Vivitek H5080 Projector Review
There are some differences physically, between the Vivitek H5080 projector and the almost identical looking Optoma HD8600. That they come out of the same factory, is of little doubt. Some paragraphs that are relevant about the Optoma have been used again, here, with minor modifications. ‘The names have been changed to protect…”
Vivitek H5080 Physical Appearance
The Vivitek projector starts with a glossy black case. In the front, you’ll find a center mounted lens. The projector, I should note, ships without the lens installed. Installing it was a snap, literally. I took off the packaging, inserted the lens, turned it slightly and the mount snapped into place. The lens almost recessed, but not quite. The lens is manual, you use the outer and inner trim rings to focus and zoom. There’s also an infra-red sensor on the front (another in the rear).
Below are left and right front, screw thread adjustable, feet.
Moving to the top of the Vivitek H5080 projector there’s a slide forward door justabove the front center of the Vivitek projector. Slide it forward, and there are two rotating dial controls, one for vertical lens shift the other for horizontal.
The input panel is located on the back, along with a power switch and a holder for a small “convenience” remote control (there is a full backlit remote as well).
Strangely, the projector has its air intakes on the side, but vents the hot air out the rear. This means for rear shelf mounting, ventilation may be a problem, if you can’t provide a fair amount of space between projector and the wall. Keep that in mind.
The Vivitek has a small round control panel on the top center. It consists of two concentric “rings” The outer ring has Menu at the top, Blank to the right, Auto (setup for PC signals) to the left, and Source. The inner ring has the left right up down navigation, and in the center, the usual Enter button. It’s your basic control panel, with no additional features or extra functions. After all, an occasional reviewer aside, who uses the projector’s control panel except infrequently, if at all?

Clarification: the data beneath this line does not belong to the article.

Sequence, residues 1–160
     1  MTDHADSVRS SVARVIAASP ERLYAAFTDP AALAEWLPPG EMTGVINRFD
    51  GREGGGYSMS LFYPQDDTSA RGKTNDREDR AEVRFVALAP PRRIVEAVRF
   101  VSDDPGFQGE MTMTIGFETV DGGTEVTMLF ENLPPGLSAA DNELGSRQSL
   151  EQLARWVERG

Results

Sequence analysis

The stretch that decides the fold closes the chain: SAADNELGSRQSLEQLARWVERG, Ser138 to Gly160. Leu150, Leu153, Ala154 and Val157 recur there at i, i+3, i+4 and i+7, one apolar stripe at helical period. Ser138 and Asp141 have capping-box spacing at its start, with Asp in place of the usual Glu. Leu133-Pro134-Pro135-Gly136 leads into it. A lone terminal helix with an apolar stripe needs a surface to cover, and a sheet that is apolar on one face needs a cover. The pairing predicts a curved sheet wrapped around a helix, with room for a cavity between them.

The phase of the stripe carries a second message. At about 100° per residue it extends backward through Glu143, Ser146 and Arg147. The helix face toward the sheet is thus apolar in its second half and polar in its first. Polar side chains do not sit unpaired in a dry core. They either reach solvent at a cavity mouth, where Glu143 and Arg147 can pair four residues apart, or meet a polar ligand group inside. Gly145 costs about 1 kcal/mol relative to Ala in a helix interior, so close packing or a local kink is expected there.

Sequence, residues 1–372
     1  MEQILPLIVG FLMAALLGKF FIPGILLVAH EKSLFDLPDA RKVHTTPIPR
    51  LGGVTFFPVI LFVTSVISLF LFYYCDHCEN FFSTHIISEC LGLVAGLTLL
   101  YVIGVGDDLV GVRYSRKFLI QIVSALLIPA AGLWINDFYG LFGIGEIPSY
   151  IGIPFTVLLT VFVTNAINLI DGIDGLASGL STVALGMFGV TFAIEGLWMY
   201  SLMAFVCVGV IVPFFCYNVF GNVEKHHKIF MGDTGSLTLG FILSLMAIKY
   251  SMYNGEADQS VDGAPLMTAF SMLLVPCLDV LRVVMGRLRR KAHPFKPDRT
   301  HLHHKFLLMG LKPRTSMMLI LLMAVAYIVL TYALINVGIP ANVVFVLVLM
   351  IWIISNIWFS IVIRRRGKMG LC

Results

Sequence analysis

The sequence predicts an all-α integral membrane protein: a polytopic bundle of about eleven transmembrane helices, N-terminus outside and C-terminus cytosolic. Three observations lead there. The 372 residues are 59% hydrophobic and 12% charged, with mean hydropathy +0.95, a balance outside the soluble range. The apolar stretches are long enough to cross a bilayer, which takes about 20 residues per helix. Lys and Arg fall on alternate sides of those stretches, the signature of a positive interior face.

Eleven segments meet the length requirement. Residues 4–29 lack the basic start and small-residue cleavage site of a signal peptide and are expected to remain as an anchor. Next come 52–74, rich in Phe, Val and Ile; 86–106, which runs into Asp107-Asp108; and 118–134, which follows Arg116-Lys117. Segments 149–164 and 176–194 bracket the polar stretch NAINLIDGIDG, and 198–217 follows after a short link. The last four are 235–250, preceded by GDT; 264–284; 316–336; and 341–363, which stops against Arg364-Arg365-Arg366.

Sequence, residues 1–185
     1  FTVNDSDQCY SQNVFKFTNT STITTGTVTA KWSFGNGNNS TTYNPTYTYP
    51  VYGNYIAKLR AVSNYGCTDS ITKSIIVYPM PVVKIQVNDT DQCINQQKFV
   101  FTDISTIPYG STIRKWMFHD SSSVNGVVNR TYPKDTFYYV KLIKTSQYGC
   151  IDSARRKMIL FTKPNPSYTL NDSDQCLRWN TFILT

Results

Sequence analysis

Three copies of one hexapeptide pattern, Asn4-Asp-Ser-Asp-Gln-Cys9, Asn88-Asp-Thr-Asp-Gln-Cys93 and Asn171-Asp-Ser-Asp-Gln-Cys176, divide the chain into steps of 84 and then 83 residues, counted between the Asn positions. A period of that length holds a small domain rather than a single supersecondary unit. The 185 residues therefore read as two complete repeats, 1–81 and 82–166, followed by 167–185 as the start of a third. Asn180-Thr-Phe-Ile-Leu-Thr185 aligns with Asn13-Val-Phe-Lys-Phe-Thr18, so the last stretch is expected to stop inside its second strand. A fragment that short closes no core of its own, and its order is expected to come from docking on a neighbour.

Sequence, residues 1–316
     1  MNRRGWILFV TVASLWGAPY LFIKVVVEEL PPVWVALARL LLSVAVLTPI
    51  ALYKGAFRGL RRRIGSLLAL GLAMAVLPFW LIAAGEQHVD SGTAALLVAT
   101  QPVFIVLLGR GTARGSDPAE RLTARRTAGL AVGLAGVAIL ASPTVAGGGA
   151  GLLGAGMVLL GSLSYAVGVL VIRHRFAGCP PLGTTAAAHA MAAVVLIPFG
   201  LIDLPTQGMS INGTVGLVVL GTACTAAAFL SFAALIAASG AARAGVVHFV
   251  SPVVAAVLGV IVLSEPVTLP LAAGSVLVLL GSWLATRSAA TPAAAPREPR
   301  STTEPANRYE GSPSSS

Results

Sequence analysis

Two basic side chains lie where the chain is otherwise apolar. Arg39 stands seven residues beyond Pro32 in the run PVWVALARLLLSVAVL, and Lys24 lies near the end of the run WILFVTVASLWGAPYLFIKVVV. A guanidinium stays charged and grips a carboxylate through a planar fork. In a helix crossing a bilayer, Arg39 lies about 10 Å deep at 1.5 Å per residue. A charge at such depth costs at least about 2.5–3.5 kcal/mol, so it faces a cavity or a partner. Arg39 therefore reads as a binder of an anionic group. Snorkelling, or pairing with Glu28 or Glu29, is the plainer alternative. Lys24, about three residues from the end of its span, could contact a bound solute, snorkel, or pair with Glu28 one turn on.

Interestingly, one thing is missing. That’s the Power switch, which is something normally found by the control panel. Not so with the H5080, the Power switch is located on the back in the Input (connections) panel.
The H5080 is rather typically equipped. Actually it has 3 HDMI inputs, one more than most, and that’s handy for those who aren’t using an AV receiver with lots of switching. There’s the classic analog computer input, which can be used as the second component video input instead.
There’s also the usual composite video and S-video inputs, not to mention an RS-232 and also a USB for command and control from a computer or room control system.
The Vivitek comes equipped with two 12 volt screen triggers, which can be used for motorized screen control, controlling an anamorphic lens sled, or a screen masking system. Few projectors have two, although that may be a new trend, considering the expanding range of devices they can be used to “trigger”. Nice touch, and it may be convenient, however, controlling all such devices can also be done other ways, with infra-red or RF remotes, for example.
You May Also Like
Casio Ecolite XJ-V110W – A Value LED/Laser Projector – Review
Subscriber-Only Content Directory
Epson PowerLite W29 Projector Review
Canon REALiS WUX450ST Projector Review
Millennials and Projectors: Optoma ML750 LED Projector Review: Part 2
ViewSonic PJD7835HD Projector Review
JVC DLA-RS400U Home Theater Projector Review
NEC P502WL Laser Projector Review